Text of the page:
On November 2 at 2:00 a.m. we turn back our clocks.
Benjamin Franklin suggested Daylight Saving Time as a way to save on candles. Since then many studies have confirmed its usefulness as a way to save energy. It also saves lives.
According to a 2007 RAND Corporation study, Daylight Saving Time “significantly reduces automobile crashes in the long run with an 8-11% fall in crashes involving pedestrians, and a 6-10% fall in crashes for vehicular occupants in the weeks after the spring shift to DST.
If only we could turn back the clock on some of the events of our clients’ lives. Of course, we can’t. But if you are injured through no fault of our own, the law may provide a right of monetary compensation. That’s where we, as personal injury lawyers, come into the picture. We can obtain compensation for your economic losses, such as lost time from work, medical care, and other costs. We can also recover money damages for your non-economic losses, such as disfigurement, loss of function, and emotional distress.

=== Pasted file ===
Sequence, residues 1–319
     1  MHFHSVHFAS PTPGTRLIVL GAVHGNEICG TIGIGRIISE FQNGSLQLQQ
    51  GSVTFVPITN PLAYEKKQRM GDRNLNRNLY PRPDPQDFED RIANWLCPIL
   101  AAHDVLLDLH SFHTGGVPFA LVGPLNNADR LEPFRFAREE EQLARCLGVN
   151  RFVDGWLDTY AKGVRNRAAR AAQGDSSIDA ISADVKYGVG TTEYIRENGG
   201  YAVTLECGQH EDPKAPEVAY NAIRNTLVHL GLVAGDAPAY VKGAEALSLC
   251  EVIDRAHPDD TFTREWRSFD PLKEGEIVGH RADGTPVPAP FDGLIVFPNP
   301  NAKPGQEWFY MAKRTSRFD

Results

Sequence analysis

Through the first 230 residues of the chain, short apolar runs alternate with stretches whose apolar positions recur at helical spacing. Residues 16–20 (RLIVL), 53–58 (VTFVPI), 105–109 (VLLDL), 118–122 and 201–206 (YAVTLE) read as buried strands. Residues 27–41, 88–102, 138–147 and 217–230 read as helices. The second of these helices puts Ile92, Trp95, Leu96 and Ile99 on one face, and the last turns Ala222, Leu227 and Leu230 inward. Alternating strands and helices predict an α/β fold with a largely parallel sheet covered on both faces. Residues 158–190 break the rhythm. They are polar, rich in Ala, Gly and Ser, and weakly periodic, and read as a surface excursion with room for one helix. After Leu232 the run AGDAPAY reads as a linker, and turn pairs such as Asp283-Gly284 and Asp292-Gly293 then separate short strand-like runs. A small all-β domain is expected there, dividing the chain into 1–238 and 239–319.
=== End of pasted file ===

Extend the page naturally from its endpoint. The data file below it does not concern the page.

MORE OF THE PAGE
Yet every day as personal injury lawyers we are reminded that we can’t work miracles. Particularly in death cases, but also in some of the other, more serious claims we handle, the hardest part is not the struggle to obtain a verdict or settlement for our personal injury clients, but knowing that, no matter how satisfied we may feel about a result, we can never turn back the clock on our clients’ lives.
As personal injury lawyers, we must remind ourselves, and also sometimes our clients, that the settlement funds they receive are not meant to replace the lives that have been lost or those injuries that will not heal. If that is the goal we will never succeed. But compensation is the only way we have to try to bring back some normalcy to our clients’ lives. We’ve all heard it said that “time is money.” Surely, time may be money in many ways, but settlement money cannot turn back time. We wish we could do more, but we can’t.